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Topaz has an exceptionally wide colour range that includes various tones and saturation's of blue, green, yellow, orange, red, pink, purple and most commonly brown. Colourless topaz can also be found, but is often treated by irradiation and heating to give it a blue colour.

topaz

Where is Topaz found?

topaz map

Topaz stones can be found in countries such as the USA, Mexico, Nigeria, Botswana, Madagascar, Afghanistan and Thailand.

Quality factors of Topaz

Colour Topaz is allochromatic, meaning that its colour is caused by impurity elements or defects in its crystal structure rather than by an element of its basic chemical composition. The element chromium causes natural pink, red, and violet-to-purple colours in topaz. Imperfections at the atomic level in topaz crystal structure can cause yellow, brown, and blue colour. Brown is a common topaz colour, and is sometimes mistaken for “smoky quartz.”

Topaz Gems

Topaz is also pleochroic, meaning that the gem can show different colours in different crystal directions.

Red is the most sought after of all topaz colours and represents less than one-half of 1 percent of facet-grade material found. The colour the trade calls imperial topaz is highly prized and very rare. Many dealers insist that a stone must show a reddish pleochroic colour to be called imperial topaz. The reddish pleochroic colour often appears at the ends of fashioned gems—like pears and ovals—that have an otherwise yellow-to-orange body colour.

red topaz

Clarity Polished topaz gems are often free of visible inclusions or flaws. This is especially true for blue, colourless and yellow topaz. Cut Topaz is cut in a wide variety of shapes including all the standard gem shapes such as ovals, pears, rounds, emerald, cushion, triangle and marquise shapes. You may also see bespoke shapes in designer pieces. Because topaz crystals are usually elongated or columnar, they’re often cut as long oval or pear shapes. If the rough gem has a strong colour, the cutter often chooses the emerald cut because this style maximises colour and retains the most weight. Because there is an abundant supply of treated blue topaz, it’s often cut into calibrated sizes for use in mass market and multi-stone jewellery. Carat Weight Topaz comes in some of the gem world's largest crystals, the largest been in kilos, not carats. This therefore means the gem can come in various sizes, the smaller ones being inexpensive but prices rise for those above 10 x 8 mm. Quick Facts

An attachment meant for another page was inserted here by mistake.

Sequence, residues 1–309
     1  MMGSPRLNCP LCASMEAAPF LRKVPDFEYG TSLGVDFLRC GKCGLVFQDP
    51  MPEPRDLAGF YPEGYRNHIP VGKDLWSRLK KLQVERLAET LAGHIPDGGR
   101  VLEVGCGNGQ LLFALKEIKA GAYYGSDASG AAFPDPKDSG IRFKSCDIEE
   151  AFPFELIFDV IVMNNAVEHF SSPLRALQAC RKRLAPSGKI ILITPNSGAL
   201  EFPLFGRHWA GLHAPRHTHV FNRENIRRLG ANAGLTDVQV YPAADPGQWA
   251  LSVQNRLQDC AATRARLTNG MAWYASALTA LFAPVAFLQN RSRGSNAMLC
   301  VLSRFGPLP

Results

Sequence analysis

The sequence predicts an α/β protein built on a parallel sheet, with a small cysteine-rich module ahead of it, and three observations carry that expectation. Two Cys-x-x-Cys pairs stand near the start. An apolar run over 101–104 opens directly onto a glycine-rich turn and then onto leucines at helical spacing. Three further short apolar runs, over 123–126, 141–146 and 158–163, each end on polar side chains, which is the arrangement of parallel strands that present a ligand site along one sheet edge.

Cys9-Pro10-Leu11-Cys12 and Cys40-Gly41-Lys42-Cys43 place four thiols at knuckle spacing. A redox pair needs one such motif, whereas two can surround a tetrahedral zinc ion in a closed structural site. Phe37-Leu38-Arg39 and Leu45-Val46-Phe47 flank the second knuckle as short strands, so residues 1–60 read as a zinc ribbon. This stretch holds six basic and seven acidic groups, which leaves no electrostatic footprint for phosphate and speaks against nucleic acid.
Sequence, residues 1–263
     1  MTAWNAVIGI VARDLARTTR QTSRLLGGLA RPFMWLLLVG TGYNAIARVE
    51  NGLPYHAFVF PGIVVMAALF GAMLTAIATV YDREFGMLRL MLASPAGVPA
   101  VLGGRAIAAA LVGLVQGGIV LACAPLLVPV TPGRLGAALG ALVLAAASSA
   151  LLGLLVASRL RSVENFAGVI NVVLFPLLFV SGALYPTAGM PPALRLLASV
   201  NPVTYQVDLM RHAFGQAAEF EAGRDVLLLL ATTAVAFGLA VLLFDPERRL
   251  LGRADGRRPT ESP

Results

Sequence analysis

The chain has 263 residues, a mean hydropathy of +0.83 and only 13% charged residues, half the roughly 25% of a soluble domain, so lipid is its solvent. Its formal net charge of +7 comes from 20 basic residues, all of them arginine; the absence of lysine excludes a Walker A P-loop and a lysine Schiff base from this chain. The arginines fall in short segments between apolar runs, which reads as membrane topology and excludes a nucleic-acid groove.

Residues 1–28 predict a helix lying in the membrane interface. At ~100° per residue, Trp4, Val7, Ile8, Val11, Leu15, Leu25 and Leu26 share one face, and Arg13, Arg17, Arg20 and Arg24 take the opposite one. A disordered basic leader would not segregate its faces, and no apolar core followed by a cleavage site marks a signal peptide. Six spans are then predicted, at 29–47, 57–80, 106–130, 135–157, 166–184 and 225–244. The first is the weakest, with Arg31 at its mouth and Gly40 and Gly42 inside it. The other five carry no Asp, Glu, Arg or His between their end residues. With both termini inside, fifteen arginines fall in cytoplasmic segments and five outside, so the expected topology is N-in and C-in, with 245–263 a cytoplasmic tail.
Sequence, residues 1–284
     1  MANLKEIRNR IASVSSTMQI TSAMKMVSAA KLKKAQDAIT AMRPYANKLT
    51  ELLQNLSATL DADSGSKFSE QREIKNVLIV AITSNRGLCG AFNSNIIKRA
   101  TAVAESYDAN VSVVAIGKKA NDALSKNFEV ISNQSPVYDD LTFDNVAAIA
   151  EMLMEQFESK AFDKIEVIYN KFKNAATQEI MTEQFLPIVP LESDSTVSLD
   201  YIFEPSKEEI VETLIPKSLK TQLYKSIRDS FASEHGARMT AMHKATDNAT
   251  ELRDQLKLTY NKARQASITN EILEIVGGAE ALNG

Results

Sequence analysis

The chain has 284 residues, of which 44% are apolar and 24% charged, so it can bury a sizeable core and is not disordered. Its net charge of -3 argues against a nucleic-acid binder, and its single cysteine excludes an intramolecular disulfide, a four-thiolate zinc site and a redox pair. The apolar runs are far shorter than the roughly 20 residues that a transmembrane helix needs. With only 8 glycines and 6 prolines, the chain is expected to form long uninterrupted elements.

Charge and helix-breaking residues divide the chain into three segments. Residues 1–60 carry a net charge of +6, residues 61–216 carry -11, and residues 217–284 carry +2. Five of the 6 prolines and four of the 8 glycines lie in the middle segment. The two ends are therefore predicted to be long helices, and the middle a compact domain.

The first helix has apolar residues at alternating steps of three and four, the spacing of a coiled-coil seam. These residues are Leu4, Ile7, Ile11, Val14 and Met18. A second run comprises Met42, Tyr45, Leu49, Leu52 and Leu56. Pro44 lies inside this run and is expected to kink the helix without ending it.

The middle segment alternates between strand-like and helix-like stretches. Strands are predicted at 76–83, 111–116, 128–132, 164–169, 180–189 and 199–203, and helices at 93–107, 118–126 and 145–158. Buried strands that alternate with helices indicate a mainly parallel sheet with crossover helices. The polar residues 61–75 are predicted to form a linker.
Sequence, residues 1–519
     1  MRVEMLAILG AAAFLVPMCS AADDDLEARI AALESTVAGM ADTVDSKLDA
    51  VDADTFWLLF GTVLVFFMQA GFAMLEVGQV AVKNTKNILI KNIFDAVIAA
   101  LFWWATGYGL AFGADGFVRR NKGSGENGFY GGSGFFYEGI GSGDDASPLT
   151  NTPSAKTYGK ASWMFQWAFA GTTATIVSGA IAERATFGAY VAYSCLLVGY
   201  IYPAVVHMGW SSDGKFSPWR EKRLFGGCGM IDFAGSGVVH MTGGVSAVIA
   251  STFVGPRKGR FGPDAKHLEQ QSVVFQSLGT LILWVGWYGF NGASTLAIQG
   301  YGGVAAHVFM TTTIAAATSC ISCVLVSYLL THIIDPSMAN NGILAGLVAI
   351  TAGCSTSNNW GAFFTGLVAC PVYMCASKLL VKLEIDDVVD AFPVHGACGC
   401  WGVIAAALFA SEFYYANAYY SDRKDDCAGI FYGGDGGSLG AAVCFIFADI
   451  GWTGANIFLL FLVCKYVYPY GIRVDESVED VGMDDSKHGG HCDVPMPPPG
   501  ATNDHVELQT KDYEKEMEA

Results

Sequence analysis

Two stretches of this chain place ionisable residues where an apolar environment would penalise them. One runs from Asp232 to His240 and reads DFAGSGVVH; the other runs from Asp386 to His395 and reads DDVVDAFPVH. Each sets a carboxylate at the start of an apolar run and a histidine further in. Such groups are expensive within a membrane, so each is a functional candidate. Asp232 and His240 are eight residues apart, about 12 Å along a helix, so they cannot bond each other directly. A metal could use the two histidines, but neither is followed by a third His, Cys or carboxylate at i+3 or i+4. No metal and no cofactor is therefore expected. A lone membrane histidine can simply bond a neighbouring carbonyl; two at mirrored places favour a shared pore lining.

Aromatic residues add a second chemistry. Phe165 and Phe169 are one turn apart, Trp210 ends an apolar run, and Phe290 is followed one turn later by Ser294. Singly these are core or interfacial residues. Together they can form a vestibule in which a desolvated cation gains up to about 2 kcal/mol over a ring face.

• Chemical Composition: fluorine aluminium silicate
  • Refractive Index: 1.61 to 1.64
  • Birefringence: 0.008 to 0.010
  • Specific Gravity: 3.50 – 3.60
  • Mohs Hardness: 8
Treatments Like most gemstones Topaz can be treated using different processes in order to change or improve its colour. Some colourless topaz is coated with metal oxides to create the appearance of a variety of different colours. Colourless topaz is also often treated using irradiation followed by heating to produce a desirable blue colour. Since the 1970's, this has brought blue topaz to a broad market. Heating of yellowish pink topaz sometimes has the effect of removing the yellowish colour component and intensifying the pink colour.

london-blue-topaz-gem

Send AnchorCert Gem Lab your Topaz for testing! Topaz can be mistaken for other gems such as quartz and surprisingly you will find imitations of topaz. It is therefore beneficial to ensure that you request a Gemstone Identification report to ensure that you are supplying or buying the material you think you are. AnchorCert Gem Lab, which is a division of Assay Office Birmingham, has the required experts, knowledge and equipment to provide you with just that! Gem Identification from AnchorCert Gem Lab is available for all gemstones. A stone will be assessed visually by qualified gemmologists and also tested for the basics such as its refractive index and specific gravity to help identify the material. Gemmologists have the knowledge and experience to detect the tell tale signs of imitations and treatments giving you complete reassurance.

gemstone Identification report

To find out more about Gem Identification from AnchorCert Gem Lab, please visit our website www.anchorcert.co.uk or get in touch with the team today on 0121 236 2122.

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